Answer of July 2017


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Clinical History:

A 37-year old lady with good past health complained of long-standing hoarseness and incidental polycythemia. Clinical findings revealed a significant finding. The patient was thus referred for CT neck and thorax to investigate for the underlying cause of this finding.

Jul 17 - Fig 1

Jul 17 - Fig 2

Jul 17 - Fig 3a  Jul 17 - Fig 3b

Jul 17 - Fig 4



 Patent Ductus Arteriosus associated with Left Vocal Cord Palsy



The CT neck of this patient reveals typical radiological features of left vocal cord palsy. The classical radiological signs of unilateral vocal cord palsy include ipsilateral piriform sinus dilatation, medial rotation and thickening of the aryepiglottic fold, ipsilateral laryngeal ventricle dilatation, and anteromedial displacement of the ipsilateral arytenoid cartilage with medial displacement of the posterior vocal cord margin. The combination of medialization of the posterior vocal cord margin and air distending the ipsilateral laryngeal results in the residual airway having a shape similar to a ship’s sail, known as the “sail” sign.


Patent ductus arteriosus is a normal connection of the fetal circulation between the aorta and the pulmonary artery. After birth, the ductus arteriosus normally closes functionally in the first 10-18 hours of life, and anatomically in 2-3 weeks. If it remains open beyond three months of life in preterm infants and beyond one year of life in full-term infants it is termed as persistent patency of ductus arteriosus because the incidence of spontaneous closure beyond these time limits is very low.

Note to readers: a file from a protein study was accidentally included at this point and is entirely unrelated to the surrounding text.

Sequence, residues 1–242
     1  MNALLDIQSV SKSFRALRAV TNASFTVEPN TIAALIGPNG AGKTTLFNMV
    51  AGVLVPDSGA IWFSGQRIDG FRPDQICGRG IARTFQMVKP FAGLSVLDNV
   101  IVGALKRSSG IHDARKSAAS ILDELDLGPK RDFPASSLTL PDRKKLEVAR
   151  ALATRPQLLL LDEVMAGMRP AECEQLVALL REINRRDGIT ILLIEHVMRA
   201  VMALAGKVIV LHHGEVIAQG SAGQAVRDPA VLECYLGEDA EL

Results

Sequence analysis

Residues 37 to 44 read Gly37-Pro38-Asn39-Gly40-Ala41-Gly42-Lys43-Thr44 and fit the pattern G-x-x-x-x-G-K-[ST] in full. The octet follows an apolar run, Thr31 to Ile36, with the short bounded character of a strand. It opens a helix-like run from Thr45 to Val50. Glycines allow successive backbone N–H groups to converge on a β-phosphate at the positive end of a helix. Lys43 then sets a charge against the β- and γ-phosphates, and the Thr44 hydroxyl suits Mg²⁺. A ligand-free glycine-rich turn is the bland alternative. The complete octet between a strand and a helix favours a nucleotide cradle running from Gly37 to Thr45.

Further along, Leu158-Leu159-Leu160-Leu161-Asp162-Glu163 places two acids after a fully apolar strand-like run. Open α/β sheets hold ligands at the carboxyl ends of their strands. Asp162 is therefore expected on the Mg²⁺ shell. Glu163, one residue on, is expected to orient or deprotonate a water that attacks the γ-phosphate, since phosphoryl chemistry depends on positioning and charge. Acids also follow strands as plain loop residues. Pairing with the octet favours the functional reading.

The clinical features of patent ductus arteriosus vary a lot. Patients with small PDAs can be asymptomatic. Patients with large PDAs may present with repeated lower respiratory tract infection, poor growth, failure to thrive, or heart failure. Patients with PDA undiagnosed until adulthood may present with heart failure, arrhythmia, and differential cyanosis limited to the lower extremities, indicating shunting of deoxygenated blood from pulmonary to systemic circulation.


Left recurrent laryngeal nerve palsy is rarely associated with patent ductus arteriosus but has been reported. The greatly dilated pulmonary artery in these patients resulted in compression of the left recurrent laryngeal nerve and produced a cardiovocal (Ortner's) syndrome.


Another finding in the CT of this patient is the dilatation of pulmonary trunk and central pulmonary arteries. The patient was referred to Cardiology team. Echocardiography and cardiac catheterization were performed, which also found a large Patent Ductus Arteriosus, enlarged pulmonary artery with pulmonary hypertension suggestive of Eisenmenger physiology, dilated right atrium and right ventricle.